All that awaited Esfandiari the first time he visited the poker tables in Vegas was a rude awakening.  Esfandiari didn’t really have a sense of bankroll management at this time.  As he lost money he thought the best way to retrieve it was to move up in stakes.  While he was both struggling with his game and his bankroll management, he met a player named Phil Laak that decided to take him under his wing, and they have been good friends ever since.  Laak explained to Esfandiari the importance of a bankroll, and also offered him some advice on his game.  Esfandiari was forced to move back to San Jose to rebuild his bankroll.  

When he returned to Vegas he did much better.  He also started traveling to play the tournament circuit, playing it seriously for the first time.  Esfandiari had much better luck upon first entering the tournament poker circuit than his first foray into Vegas for poker.  In November of 2002 Esfandiari finished 3rd at the $3,000 World Poker Tour Main Event in San Francisco, winning $44,000.  In April of 2003 he cashed in his first World Series of Poker when he finished 6th in a $2,000 no limit hold’em event.

In February of 2004 he became a star when he won the WPT $9,900 Main Event at the L.A. Poker Classic.  The win netted him over 1.3 million dollars.  The year of 2004 continued to be a successful one, as he won his only WSOP bracelet that year in the $2,000 Pot Limit Hold’em event, netting him $184,860.  While Antonio hasn’t been able to win another bracelet at the WSOP, he has made some deep runs.  Including his victory, he has cashed in nine events, including finishing a career best 24th in the 2009 Main Event, which earned him $352,832.

Early in his poker career he also said that “gambling” hurt his bankroll.  For the most part he has been able to stay away from table games, but he still enjoys prop betting, especially against his best friend Laak.  The two found themselves betting on seemingly everything, and they thought it would be a good idea to take their show on the road.  A television producer named NorthSouth Productions also liked this idea, and offered them a television show aptly named “I Bet You.”  The show, now in its third season, follows Laak and Esfandiari around different towns where they proceed to bet on anything that comes to mind.  Some of the more popular episodes include when they decided to see who could generate more tips as a bartender and another where they visit a race car driving school to determine who would make the better Formula-1 race car driver.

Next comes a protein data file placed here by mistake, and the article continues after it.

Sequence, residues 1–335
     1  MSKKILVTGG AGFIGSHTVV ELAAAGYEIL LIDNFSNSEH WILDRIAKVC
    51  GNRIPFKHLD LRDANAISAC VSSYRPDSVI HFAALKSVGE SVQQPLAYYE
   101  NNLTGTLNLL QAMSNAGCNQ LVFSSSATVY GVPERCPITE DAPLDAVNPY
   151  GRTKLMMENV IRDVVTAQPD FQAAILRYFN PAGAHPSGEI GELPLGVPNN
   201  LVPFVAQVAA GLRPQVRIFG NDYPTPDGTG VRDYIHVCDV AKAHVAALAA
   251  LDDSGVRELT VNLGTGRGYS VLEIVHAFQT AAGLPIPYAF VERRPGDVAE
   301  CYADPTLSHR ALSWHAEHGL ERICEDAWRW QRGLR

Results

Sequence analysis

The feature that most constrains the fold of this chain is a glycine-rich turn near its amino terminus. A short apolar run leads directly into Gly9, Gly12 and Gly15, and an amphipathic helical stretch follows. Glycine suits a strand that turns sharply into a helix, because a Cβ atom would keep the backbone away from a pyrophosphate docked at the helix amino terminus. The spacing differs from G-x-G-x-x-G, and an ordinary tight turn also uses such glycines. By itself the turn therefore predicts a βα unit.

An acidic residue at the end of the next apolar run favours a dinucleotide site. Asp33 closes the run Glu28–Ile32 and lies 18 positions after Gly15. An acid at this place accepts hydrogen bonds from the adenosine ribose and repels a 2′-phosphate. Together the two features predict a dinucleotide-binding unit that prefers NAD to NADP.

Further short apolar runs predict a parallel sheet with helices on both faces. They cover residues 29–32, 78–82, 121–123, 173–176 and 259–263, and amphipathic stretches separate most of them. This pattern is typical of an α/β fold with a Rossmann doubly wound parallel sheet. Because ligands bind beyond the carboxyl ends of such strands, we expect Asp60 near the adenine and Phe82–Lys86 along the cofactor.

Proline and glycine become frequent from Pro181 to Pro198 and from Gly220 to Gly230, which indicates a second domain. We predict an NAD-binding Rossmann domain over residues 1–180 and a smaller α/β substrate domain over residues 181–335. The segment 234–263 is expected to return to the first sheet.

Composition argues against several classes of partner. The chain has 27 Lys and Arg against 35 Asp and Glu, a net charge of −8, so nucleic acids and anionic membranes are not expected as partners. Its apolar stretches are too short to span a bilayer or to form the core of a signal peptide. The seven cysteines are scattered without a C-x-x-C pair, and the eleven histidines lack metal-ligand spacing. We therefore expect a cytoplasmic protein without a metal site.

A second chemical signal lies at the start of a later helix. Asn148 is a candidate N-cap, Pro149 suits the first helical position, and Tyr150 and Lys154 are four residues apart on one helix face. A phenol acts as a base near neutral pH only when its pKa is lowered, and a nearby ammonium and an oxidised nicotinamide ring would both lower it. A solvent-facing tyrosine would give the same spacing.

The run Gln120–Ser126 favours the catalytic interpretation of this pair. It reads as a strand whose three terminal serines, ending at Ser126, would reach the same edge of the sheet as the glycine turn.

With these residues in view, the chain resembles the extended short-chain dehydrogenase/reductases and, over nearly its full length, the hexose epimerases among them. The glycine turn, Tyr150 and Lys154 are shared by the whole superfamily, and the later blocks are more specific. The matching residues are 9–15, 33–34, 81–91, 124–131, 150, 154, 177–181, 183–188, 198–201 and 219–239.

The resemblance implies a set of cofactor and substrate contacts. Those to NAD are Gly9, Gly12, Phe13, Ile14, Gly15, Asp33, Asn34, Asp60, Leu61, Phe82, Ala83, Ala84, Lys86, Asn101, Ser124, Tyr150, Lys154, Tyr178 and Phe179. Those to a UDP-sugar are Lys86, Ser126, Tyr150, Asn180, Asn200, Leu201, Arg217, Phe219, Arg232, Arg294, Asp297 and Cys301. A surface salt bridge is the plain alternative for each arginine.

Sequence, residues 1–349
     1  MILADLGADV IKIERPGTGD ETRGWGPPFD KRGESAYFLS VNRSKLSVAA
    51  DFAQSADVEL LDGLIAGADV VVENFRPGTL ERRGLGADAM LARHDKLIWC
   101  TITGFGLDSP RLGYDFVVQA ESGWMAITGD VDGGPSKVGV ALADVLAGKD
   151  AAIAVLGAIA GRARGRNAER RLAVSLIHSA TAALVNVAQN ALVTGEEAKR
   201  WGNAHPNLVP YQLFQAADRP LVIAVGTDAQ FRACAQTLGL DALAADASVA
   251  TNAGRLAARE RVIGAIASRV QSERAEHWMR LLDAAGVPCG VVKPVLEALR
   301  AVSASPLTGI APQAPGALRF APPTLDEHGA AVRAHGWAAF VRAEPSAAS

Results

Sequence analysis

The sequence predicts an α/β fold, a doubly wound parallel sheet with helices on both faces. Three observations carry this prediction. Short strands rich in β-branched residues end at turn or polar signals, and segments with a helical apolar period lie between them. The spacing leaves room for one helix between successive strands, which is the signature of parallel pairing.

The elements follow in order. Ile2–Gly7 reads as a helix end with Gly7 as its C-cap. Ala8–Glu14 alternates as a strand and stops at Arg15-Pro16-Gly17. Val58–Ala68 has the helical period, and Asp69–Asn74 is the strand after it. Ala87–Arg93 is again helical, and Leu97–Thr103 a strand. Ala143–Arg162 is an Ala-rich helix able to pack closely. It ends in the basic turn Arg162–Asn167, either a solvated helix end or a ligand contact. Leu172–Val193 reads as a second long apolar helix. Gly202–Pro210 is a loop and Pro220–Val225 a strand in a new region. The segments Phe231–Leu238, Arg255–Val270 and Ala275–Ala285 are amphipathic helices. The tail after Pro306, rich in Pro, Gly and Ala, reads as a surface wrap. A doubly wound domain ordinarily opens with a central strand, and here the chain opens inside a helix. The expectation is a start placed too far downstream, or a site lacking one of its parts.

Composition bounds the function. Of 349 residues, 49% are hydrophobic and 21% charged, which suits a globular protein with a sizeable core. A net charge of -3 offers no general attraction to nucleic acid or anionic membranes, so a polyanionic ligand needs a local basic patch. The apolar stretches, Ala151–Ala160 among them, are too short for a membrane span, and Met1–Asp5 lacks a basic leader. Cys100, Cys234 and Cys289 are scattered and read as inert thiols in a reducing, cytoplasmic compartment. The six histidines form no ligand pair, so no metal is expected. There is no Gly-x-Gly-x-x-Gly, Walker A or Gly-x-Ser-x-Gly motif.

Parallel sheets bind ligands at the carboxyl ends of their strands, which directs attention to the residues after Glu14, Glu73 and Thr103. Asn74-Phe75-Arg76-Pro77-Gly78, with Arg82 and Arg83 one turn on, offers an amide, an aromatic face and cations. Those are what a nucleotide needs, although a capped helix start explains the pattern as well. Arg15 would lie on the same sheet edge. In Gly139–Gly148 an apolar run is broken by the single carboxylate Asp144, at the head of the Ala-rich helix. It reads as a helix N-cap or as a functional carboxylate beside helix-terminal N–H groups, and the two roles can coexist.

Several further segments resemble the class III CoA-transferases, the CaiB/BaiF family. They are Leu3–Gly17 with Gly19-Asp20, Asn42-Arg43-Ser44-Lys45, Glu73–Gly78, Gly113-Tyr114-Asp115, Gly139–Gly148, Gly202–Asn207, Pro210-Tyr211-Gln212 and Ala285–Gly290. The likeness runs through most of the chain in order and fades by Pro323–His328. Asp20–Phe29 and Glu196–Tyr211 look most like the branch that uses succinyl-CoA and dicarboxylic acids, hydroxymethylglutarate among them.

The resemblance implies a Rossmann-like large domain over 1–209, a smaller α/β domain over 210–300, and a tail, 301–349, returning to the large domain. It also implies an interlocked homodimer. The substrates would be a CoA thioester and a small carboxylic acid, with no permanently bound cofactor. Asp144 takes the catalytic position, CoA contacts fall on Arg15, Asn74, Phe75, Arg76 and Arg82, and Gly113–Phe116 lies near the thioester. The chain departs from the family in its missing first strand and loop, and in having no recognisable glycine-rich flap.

For the most part though, Esfandiari has the most fun at a high stakes poker table.  He has appeared on each of the five seasons of Game Show Network’s High Stakes Poker, one of five players to do so.  He also appeared numerous times on NBC’s Poker After Dark.  

Esfandiari is also no stranger to the silver screen, appearing in the movies Deal, The Grand, and Lucky You.

Esfandiari has had a number of sponsorships.  For a while he worked with Ultimate Bet, but elected not to return to them after his contract expired.  Also, in a move that made perfect sense, he was the face of the World Poker Tour, but just this past summer that contract expired as well.  As of now he is one of the premier “free agents” in the sponsorship world.

*Read Billy Monroe's Blog*